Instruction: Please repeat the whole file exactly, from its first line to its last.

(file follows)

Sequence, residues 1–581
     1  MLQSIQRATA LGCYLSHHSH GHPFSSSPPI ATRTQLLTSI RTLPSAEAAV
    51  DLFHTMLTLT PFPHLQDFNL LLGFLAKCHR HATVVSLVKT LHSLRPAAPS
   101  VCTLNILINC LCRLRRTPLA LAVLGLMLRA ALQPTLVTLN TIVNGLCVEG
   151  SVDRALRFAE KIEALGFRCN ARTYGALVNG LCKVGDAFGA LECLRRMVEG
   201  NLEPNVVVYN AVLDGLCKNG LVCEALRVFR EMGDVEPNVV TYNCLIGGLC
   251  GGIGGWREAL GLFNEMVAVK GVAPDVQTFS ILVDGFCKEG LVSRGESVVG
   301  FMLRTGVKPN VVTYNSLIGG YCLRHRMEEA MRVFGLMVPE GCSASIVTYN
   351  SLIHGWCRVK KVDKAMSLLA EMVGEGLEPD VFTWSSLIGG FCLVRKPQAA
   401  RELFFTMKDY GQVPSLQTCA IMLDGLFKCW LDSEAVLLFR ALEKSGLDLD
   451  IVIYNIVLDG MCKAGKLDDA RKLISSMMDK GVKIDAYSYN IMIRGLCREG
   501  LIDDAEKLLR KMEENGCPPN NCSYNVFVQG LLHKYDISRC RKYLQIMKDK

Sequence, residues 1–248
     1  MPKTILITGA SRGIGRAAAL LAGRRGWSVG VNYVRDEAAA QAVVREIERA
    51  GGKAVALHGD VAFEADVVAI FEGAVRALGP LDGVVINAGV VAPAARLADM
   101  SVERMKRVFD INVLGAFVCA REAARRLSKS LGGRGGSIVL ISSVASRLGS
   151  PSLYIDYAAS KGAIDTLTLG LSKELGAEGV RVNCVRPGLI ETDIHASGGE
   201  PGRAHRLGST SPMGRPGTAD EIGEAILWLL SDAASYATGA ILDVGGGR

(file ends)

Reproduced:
Sequence, residues 1–581
     1  MLQSIQRATA LGCYLSHHSH GHPFSSSPPI ATRTQLLTSI RTLPSAEAAV
    51  DLFHTMLTLT PFPHLQDFNL LLGFLAKCHR HATVVSLVKT LHSLRPAAPS
   101  VCTLNILINC LCRLRRTPLA LAVLGLMLRA ALQPTLVTLN TIVNGLCVEG
   151  SVDRALRFAE KIEALGFRCN ARTYGALVNG LCKVGDAFGA LECLRRMVEG
   201  NLEPNVVVYN AVLDGLCKNG LVCEALRVFR EMGDVEPNVV TYNCLIGGLC
   251  GGIGGWREAL GLFNEMVAVK GVAPDVQTFS ILVDGFCKEG LVSRGESVVG
   301  FMLRTGVKPN VVTYNSLIGG YCLRHRMEEA MRVFGLMVPE GCSASIVTYN
   351  SLIHGWCRVK KVDKAMSLLA EMVGEGLEPD VFTWSSLIGG FCLVRKPQAA
   401  RELFFTMKDY GQVPSLQTCA IMLDGLFKCW LDSEAVLLFR ALEKSGLDLD
   451  IVIYNIVLDG MCKAGKLDDA RKLISSMMDK GVKIDAYSYN IMIRGLCREG
   501  LIDDAEKLLR KMEENGCPPN NCSYNVFVQG LLHKYDISRC RKYLQIMKDK

Sequence, residues 1–248
     1  MPKTILITGA SRGIGRAAAL LAGRRGWSVG VNYVRDEAAA QAVVREIERA
    51  GGKAVALHGD VAFEADVVAI FEGAVRALGP LDGVVINAGV VAPAARLADM
   101  SVERMKRVFD INVLGAFVCA REAARRLSKS LGGRGGSIVL ISSVASRLGS
   151  PSLYIDYAAS KGAIDTLTLG LSKELGAEGV RVNCVRPGLI ETDIHASGGE
   201  PGRAHRLGST SPMGRPGTAD EIGEAILWLL SDAASYATGA ILDVGGGR